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Know the signs - this is a loon's unstressed pose. (Steve Maanum / For the Enterprise)

Leaving waterfowl nests undisturbed

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The soft green of the aspens is bringing color to the surrounding woodlands and the marsh marigolds are painting the lowlands. Signs of spring are all around us. Owls and eagles are hatching out while loons are just beginning to lay their eggs.

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If you have never watched an adult eagle feed its newborn eaglets, go to wildearth.tv and click on Hornby eagle camera. As of Monday, one egg had hatched and the other will probably hatch within a few days. The eaglets will be fed by their parents and will remain in their nest for several weeks.

Our lakes are going to be seeing a huge increase in boat traffic over the coming days. With the walleye opener one week away, the area businesses are hoping for a great kick-off to the summer tourist season. As the fishing enthusiasts hit the water, they are going to be greeted with the sights and sounds of a variety of our area's wildlife. It won't be uncommon to see ducks flying by, swans or geese swimming in the shallows, eagles perched on a branch or soaring above, a deer coming to water's edge to drink, a great blue heron stalking its prey, or loons on nests.

The fishing opener coincides with nesting season and although it's interesting to see a goose, swan, or loon incubating eggs and it might be tempting to move in close for a photograph or video footage, please use caution and common sense. Watch for signs of stress on animals and when you notice that behavior, heed the signs and back off.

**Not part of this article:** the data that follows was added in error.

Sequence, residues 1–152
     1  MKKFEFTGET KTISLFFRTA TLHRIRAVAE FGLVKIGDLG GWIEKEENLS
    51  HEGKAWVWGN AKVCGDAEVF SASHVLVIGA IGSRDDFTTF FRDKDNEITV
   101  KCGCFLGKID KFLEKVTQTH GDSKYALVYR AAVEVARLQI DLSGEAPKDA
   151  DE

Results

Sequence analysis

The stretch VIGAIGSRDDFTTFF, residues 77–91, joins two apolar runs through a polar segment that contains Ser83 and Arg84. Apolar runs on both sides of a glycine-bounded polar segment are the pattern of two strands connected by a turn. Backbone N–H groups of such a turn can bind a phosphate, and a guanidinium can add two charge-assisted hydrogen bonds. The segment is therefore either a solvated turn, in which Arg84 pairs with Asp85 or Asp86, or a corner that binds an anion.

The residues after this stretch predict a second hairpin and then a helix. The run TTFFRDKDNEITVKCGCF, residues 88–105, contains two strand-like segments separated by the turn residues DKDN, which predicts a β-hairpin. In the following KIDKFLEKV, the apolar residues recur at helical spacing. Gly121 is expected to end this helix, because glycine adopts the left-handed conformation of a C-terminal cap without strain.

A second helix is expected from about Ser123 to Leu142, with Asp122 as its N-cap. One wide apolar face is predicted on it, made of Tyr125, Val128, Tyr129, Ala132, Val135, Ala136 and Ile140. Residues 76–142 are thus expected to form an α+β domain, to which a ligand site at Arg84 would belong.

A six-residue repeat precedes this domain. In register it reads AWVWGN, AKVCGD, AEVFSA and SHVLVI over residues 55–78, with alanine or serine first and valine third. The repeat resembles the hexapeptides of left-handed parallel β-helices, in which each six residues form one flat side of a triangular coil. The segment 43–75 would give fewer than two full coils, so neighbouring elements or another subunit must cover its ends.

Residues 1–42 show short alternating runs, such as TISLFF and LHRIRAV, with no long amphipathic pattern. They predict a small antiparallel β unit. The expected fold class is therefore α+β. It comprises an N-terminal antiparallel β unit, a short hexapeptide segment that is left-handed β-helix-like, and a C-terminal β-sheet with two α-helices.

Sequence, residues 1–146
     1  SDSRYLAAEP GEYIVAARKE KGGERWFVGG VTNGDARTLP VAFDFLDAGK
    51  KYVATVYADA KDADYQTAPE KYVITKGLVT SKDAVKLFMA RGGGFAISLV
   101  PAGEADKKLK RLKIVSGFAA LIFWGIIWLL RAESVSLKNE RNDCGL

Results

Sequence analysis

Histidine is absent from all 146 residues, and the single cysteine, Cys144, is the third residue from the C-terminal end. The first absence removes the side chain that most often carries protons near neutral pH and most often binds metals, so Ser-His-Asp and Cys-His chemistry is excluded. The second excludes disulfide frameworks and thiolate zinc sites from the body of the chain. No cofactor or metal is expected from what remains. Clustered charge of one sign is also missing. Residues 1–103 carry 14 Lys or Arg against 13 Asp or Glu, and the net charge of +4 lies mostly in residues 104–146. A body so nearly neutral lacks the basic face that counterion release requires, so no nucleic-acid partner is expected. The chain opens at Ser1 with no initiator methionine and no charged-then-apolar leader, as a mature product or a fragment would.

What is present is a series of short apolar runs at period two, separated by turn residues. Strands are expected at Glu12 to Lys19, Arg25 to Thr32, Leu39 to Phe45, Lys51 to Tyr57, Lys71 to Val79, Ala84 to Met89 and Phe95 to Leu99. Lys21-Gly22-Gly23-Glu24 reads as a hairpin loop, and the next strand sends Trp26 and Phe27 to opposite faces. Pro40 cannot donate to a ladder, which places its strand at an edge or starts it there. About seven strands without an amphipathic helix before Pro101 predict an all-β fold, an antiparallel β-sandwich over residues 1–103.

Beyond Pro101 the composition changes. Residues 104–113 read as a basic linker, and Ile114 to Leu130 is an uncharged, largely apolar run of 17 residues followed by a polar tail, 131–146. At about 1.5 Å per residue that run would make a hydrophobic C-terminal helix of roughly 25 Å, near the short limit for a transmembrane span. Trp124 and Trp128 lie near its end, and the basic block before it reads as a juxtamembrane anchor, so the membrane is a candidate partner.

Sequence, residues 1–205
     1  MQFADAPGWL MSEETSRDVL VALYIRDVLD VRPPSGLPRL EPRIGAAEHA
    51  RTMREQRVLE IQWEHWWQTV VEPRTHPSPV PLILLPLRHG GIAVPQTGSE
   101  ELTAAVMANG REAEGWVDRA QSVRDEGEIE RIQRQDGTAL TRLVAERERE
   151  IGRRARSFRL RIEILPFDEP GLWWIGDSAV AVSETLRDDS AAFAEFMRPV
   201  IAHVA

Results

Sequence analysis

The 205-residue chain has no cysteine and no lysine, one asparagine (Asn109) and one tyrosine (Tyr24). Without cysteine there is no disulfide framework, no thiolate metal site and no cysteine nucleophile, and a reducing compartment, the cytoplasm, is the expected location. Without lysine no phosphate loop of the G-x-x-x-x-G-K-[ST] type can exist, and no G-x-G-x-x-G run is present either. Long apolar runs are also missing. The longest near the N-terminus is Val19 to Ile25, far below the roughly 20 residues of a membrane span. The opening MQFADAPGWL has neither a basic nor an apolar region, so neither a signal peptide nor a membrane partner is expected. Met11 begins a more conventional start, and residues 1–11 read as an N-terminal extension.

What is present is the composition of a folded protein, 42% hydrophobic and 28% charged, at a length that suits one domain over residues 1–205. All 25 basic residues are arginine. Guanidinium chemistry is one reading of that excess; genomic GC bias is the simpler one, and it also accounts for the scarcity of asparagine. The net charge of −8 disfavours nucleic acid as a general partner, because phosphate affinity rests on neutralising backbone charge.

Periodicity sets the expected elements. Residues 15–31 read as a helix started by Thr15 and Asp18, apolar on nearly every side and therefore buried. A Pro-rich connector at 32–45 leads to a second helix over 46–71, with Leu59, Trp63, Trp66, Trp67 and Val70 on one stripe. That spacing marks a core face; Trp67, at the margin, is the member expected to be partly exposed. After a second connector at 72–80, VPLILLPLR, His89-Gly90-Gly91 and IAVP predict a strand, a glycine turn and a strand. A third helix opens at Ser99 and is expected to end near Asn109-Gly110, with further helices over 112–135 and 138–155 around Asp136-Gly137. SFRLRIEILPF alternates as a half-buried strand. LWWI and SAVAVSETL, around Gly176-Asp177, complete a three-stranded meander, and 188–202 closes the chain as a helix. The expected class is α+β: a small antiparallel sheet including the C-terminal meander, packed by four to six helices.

One of the first indicators is the posture while sitting on the nest. A loon, swan, or goose will typically sit upright. That's what you might see from a distance. As you get closer, the bird may begin to flatten out in an attempt to go un-noticed. That's the first sign of stress. If you still continue to move closer, they may abruptly leave the nest, exposing their eggs to avian predators such as ravens and gulls. Their mate may even come running across the water in your direction to help defend the nesting site. These are red flags meaning, "Get out of the area."

In our anxiousness and excitement to get a photo, we don't think of the consequences. We tend to excuse our actions by convincing ourselves that after we get those award-winning photos and leave, everything will get back to normal. The bird will go back to incubating and all will be fine with the world. That reasoning, although never justified, might hold a hint of truth if there were no other people on the lake, but what usually happens is that shortly after you leave, someone else will notice the nest and repeat your actions.

Disturbance, such as this, can cause the birds to abandon their nest. Observe and enjoy wildlife and even take photos, but respect the welfare of your photo subject and know when to back off.

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